Remember me waxing lyrical about how much I love custard? In the days before I could make anything, my custard of choice came out of a little plastic cup with an aluminium cover and tiny little tabs on the bottom.
It was delicious. Sometimes I wouldn't even bother turning it out onto a plate. I'd just spoon it straight out of the cup. Yum.
This time, I made my very own. From scratch. In my own oven. With eggs and everything. Aren't you proud?
My only issue is a bit of a silly one. The roasting tin I used to bake these in is kind of big for my oven. I can't just put it on an oven rack. It needs to sit directly in the grooves that the rack itself would rest on. Usually this isn't a problem, but when baking custards in a water bath, it all gets very heavy, so it took me about 10 minutes to get it in there comfortable. During this time my oven lost a lot of heat, so of course, I turned it up. Now, what you may not know about my oven is that it's kind of small and only has a heating element at the top. So, these turned on full blast and basically overcooked the tops (or is it bottoms) of my creme caramels. I had to do what I do for macarons and put in a foil covered oven rack just under the heating element. Dumb oven.
The solution? I just scraped those bits off before turning them out. And they were delicious. =)
1 cup caster sugar
1/4 cup water
Quick squeeze of lemon (optional)
2 cups whole milk
1 cup cream (at least 35% milk fat)
2/3 cup caster sugar
Pinch of salt
4 large eggs
2 large egg yolks
2 tsp vanilla extract
Add the caster sugar, water and lemon (if using) to a small-ish saucepan. Heat on medium, giving is a swirl every now and then to make sure all the sugar is dissolving. Try to resist the urge to stir. Instead, brush down the sides of the pan occasionally with water and a pastry brush. Cook it until is looks like caramel. It may take a little time, but watch it closely, because once it starts to take on colour it will brown quite quickly. The darker your caramel is, the more pronounced that burnt sugar taste will be in the end result. Once you're happy with how your caramel is looking, take it off the heat and immediately pour into your ramekins or dariole moulds, dividing equally. Swirl your moulds around a little bit to coat the bottom and gently encourage the caramel to crawl up the sides a little.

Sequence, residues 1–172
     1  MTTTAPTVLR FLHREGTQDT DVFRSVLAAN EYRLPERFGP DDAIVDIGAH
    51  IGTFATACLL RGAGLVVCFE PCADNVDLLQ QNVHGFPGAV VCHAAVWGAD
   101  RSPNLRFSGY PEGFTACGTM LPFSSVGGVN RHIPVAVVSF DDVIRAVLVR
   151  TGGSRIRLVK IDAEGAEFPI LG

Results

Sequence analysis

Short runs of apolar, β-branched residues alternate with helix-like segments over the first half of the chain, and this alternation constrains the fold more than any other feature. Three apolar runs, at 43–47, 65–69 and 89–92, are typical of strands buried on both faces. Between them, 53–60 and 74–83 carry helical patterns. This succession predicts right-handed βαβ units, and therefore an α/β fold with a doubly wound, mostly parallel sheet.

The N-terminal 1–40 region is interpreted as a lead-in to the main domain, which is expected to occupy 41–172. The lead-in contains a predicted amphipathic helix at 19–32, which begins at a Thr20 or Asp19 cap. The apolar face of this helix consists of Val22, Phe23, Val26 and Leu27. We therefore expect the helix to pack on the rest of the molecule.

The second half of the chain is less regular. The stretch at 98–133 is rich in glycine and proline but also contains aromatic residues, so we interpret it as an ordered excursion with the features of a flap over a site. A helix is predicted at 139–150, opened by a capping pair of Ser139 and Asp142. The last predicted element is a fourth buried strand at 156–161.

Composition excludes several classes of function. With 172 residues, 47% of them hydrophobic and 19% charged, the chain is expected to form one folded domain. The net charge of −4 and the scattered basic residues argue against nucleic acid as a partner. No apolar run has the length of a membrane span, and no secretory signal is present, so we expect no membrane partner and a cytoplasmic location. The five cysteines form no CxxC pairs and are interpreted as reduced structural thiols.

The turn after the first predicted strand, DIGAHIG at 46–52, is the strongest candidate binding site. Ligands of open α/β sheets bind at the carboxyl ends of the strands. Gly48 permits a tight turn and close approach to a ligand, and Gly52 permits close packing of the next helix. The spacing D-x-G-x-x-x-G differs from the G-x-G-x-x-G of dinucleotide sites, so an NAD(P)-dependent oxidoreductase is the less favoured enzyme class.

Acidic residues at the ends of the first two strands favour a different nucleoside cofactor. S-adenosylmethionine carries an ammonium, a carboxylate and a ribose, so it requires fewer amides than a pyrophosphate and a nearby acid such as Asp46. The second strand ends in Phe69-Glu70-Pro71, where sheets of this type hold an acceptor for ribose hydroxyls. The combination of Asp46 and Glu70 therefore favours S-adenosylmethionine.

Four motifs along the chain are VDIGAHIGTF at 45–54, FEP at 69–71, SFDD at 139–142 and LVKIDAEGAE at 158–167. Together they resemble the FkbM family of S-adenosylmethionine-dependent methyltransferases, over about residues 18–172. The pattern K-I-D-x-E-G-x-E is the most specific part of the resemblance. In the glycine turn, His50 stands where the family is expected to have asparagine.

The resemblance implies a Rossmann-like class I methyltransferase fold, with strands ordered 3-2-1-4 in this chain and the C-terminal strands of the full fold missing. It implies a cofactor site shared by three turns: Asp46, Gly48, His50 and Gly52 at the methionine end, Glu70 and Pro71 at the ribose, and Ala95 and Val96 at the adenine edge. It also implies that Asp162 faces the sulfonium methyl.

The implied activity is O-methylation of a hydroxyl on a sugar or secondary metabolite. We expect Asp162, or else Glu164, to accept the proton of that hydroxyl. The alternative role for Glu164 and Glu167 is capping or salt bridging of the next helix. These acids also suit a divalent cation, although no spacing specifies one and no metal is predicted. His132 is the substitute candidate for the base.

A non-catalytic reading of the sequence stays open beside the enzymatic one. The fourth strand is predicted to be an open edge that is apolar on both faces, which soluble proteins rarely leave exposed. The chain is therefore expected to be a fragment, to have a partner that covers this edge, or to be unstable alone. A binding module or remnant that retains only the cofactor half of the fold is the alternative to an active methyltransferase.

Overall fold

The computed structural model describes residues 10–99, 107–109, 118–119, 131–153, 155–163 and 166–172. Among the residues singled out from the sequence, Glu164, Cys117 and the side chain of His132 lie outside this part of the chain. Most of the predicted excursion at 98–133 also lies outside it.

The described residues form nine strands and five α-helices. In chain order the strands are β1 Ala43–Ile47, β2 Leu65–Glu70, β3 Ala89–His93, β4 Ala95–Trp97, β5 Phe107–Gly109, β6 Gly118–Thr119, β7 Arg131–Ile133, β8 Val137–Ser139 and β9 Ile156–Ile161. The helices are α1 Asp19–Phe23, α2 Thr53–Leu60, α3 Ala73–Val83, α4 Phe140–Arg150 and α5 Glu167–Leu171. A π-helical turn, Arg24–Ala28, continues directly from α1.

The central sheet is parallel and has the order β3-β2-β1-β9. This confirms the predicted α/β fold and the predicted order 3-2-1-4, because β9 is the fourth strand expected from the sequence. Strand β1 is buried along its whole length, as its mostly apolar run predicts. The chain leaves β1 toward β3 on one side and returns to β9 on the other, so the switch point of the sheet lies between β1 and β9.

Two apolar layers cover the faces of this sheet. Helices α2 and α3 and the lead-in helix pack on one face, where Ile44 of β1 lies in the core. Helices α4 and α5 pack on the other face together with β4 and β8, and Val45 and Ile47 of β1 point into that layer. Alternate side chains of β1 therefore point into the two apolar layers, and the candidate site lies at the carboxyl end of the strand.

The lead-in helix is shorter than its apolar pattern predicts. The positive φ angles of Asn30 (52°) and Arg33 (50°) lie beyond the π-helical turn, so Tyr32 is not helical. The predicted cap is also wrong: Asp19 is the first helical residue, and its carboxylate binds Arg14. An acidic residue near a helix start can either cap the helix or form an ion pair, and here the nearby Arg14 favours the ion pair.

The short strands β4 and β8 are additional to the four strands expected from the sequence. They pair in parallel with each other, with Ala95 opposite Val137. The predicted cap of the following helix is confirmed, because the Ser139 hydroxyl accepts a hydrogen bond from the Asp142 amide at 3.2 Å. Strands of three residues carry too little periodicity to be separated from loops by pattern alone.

At this stage, boil a big kettle of water.
Add the milk, cream, sugar and salt together in a pot and bring to a boil. As soon as it reaches boiling temp, take it off the heat. If you want to add any other flavourings (coffee, citrus, chocolate...) add it to the milk mixture.
Meanwhile, whisk together the eggs, egg yolks and vanilla. When the milk mixture is ready (i.e. scalded) pour into the eggs, whisking constantly. Strain into a jug and pour into the ramekins, over the caramel (which should have set by now).
Arrange a tea towel in the bottom a baking/roasting dish so that is sits more or less flat. Place your filled ramekins on top. Pour hot water into it until it comes up 1/2 to 2/3 of the way up the sides of the ramekins. Bake at 160°C for 30-35 minutes. To check if they're done, you can gently slide a knife into one of them. If it comes out mostly clean, but with a few little bits of gently set custard clinging to it, then it's done. You can also just give them a little shake. They should be wobbly in the middle, but shouldn't be too watery.
When you determine them to be cooked, cool them on a wire rack, then chill overnight*. To serve, loosen the custards with a knife and turn onto a plate.
*I've seen recipes which say that 3 hours of chilling is fine. Which is probably ok, but as well as cooling the custard, chilling also loosens up the caramel, giving you that nice oozy sauce. As far as I can tell, the longer you chill it, the more sauce you will get (instead of it all clinging to the bottom of the mould).